Respecting and implementing International Humanitarian Law
Protecting people in situations of armed conflict is at the heart of international humanitarian law (IHL). It is one of the key elements of the Movement’s work and fundamental to saving lives. As the primary global venue for addressing matters related to IHL, the 33rd International Conference will be invited to consider a Four-Year Action Plan on National Implementation, whichwill be discussed and proposed for adoption through a resolution. Celebrating the 70th anniversary of the adoption of the 1949 Geneva Conventions, the Four-Year Action Plan will aim to improve the protection of victims of armed conflicts through better implementation of existing IHL obligations. In this regard, the proposed Action Plan will recall key fundamental principles and rules of IHL and propose real and practical measures to be undertaken by States and National Societies to further the implementation of IHL (such as wider ratification and implementation of treaties, dynamic dissemination, effective training and strengthening the work of national IHL committees).
· Access to essential services
The Red Cross and Red Crescent Movement plays a critical role in enabling access to essential services for everyone, everywhere. Tapping into the full potential of community-based health workers and volunteers, for example,can specifically contribute to improving global health, to strengthening global pandemic surveillance and control systems and to facilitating access to other critical health services. A discussion at the 33rd International Conference could explore ways to support and promote their role while ensuring adequate quality and accountability, including through national-level clarification of the auxiliary role of National Societies in the field of public health. Ensuring the safety and security of health care workers and facilities must also be discussed, as this remains a core concern for the Movement.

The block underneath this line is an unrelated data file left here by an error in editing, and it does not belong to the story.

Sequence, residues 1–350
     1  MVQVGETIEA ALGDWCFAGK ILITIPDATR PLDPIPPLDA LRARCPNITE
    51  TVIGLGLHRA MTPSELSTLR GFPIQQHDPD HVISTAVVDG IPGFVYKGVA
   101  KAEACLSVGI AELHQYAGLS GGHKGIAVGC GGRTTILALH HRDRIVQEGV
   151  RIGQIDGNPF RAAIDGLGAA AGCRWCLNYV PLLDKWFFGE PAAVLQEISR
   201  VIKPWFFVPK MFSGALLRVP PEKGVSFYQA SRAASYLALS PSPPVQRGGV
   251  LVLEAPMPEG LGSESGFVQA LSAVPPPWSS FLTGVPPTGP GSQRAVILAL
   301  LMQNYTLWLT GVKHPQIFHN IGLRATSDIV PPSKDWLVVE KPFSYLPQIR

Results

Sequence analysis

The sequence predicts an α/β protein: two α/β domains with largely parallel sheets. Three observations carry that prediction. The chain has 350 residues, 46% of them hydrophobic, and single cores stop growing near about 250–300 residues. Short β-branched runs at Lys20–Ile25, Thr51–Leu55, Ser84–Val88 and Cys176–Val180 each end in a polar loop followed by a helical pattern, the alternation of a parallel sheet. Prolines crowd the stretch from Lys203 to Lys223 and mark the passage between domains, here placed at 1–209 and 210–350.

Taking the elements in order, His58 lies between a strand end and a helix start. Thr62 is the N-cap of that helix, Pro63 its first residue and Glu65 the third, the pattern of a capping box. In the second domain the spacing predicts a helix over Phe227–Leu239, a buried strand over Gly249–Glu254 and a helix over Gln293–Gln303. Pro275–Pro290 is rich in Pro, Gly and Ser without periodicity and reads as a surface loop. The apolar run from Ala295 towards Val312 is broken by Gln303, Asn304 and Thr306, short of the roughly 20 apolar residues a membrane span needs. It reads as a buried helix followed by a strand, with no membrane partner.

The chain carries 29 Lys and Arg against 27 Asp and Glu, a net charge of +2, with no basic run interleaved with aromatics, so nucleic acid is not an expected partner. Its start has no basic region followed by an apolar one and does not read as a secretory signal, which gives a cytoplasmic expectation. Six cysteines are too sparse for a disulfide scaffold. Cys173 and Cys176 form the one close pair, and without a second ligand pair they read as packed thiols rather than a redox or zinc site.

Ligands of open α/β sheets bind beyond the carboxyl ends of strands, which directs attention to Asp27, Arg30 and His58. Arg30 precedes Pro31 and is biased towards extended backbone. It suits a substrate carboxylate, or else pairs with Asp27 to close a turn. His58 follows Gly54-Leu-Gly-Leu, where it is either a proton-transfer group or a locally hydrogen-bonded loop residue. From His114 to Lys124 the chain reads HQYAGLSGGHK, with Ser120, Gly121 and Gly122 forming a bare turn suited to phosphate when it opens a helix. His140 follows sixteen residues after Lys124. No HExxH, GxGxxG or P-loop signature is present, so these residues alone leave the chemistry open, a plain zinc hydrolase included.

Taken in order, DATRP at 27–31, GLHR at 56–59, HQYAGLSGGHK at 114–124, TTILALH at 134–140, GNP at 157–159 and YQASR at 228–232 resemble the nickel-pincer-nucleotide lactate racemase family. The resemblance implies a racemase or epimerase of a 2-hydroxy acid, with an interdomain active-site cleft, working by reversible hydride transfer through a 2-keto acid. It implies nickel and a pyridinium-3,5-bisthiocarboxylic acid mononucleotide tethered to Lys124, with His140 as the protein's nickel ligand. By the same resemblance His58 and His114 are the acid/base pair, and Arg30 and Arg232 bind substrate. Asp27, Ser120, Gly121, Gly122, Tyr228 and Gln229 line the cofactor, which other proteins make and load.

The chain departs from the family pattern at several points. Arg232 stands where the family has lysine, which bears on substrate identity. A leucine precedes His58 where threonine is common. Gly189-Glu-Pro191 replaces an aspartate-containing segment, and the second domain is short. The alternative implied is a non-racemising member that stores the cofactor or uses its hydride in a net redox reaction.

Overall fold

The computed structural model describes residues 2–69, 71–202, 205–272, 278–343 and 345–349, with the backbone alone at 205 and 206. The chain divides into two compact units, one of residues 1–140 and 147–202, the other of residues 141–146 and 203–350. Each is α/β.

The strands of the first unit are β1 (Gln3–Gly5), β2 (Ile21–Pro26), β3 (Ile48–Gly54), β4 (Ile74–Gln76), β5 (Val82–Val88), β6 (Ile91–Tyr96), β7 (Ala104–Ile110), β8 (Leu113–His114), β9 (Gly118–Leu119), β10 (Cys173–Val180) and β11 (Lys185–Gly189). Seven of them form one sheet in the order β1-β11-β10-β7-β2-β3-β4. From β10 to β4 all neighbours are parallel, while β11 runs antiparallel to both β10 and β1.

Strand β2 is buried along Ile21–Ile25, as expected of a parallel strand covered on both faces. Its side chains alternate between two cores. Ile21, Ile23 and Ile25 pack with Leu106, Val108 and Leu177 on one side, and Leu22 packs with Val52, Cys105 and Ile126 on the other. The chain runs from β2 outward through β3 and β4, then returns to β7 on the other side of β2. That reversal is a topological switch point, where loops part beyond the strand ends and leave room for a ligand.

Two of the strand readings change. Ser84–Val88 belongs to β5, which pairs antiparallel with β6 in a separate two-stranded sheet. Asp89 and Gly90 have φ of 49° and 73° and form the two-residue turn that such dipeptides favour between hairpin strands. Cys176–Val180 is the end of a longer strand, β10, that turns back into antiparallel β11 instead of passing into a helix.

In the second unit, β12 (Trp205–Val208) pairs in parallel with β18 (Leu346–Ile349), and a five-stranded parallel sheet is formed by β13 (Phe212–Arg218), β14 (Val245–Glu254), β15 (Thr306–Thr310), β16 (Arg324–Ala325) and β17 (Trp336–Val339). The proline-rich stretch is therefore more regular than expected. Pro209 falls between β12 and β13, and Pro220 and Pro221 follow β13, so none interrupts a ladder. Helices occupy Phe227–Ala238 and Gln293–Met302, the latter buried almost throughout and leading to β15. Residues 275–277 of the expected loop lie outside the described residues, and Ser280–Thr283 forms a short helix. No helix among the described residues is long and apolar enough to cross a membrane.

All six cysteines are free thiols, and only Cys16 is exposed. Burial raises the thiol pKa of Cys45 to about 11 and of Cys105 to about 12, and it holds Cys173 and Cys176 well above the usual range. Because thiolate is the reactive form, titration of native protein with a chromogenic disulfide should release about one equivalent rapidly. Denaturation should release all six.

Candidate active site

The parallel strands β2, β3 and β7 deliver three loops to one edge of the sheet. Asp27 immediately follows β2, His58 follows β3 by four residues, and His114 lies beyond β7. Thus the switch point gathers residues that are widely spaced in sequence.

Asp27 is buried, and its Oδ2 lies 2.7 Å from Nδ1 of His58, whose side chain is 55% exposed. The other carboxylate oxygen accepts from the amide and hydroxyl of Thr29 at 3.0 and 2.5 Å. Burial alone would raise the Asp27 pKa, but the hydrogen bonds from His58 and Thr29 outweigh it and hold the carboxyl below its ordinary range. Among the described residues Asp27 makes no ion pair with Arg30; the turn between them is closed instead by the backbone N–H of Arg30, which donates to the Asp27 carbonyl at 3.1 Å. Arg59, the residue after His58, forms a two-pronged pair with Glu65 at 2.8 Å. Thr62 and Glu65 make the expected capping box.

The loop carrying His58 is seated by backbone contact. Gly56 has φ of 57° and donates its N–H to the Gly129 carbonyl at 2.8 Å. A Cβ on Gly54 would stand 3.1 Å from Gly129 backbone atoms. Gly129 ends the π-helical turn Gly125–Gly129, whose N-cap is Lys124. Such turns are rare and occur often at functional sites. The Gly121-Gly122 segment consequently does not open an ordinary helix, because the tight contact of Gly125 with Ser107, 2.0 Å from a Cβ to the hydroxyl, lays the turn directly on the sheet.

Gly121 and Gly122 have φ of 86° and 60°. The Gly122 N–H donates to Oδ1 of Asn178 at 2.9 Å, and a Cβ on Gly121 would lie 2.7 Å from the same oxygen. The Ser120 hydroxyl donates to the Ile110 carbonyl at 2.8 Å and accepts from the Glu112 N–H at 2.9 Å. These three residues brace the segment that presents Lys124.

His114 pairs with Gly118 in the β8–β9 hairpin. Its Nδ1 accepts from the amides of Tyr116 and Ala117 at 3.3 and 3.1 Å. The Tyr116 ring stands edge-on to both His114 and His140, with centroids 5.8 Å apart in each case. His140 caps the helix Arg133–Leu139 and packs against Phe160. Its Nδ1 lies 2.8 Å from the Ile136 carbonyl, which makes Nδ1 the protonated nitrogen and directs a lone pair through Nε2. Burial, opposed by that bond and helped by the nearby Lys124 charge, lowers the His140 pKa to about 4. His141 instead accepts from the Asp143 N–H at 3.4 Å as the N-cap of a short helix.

· Humanitarian consequences of climate change
Today, there are around 400 extreme weather events every year, about four times as many as in the 1970s. The most at-risk and vulnerable individuals are those who are the poorest, most exposed and have the least resources to withstand the impacts of climate change, including those in situations of conflict, violence and insecurity. A discussion on this topic could explore how the various components of the Movement can best work, in accordance with their mandates and capacities, with at-risk and affected populations, authorities and other partners to meet the needs of communities. These actions could include factoring climate considerations into their analysis and programming; ensuring adequate climate adaptation finance; and strengthening relevant laws and policies, all in line with the commitments of the UNFCCC COP and the UN Climate Summit dialogues.
· Digital transformation
The rapid evolution of technology and the use of data and digitalization in recent years have transformed many aspects of society, with profound impacts on how the Red Cross and Red Crescent supports the most vulnerable. A debate at the International Conference could explore how the Movement can work together with States to foster the positive and minimize the negative impacts of data and digital transformations on society, with a particular focus on ensuring that vulnerable people are not further marginalized or left behind. This could include opportunities to promote social entrepreneurship, research and innovation in the realm of digital transformation. It could address how to make the most of new opportunities, including through efforts to bridge the digital divide by means of capacity strengthening, digital literacy, infrastructure and other resources. Finally, it could look at the specificities of digital and cyber risks in the humanitarian context, for instance, with regard to the sharing of information in some of the world’s most sensitive contexts.
Trust in humanitarian action
There is no greater asset to the work of the Red Cross and Red Crescent Movement and its components than the trust of the people and communities that the Movement serves. Access, support and respect for the Movement’s mission depends on this trust. Maintaining trust in humanitarian action requires efforts by humanitarian organizations themselves and by States, which have long recognized the importance of neutral, independent and impartial humanitarian action.
A debate on this theme could explore how the components of the Movement, States and other stakeholders can best work together to retain trust in principled humanitarian action, focusing in particular on accountability and the preservation of humanitarian space, and the connections between these issues.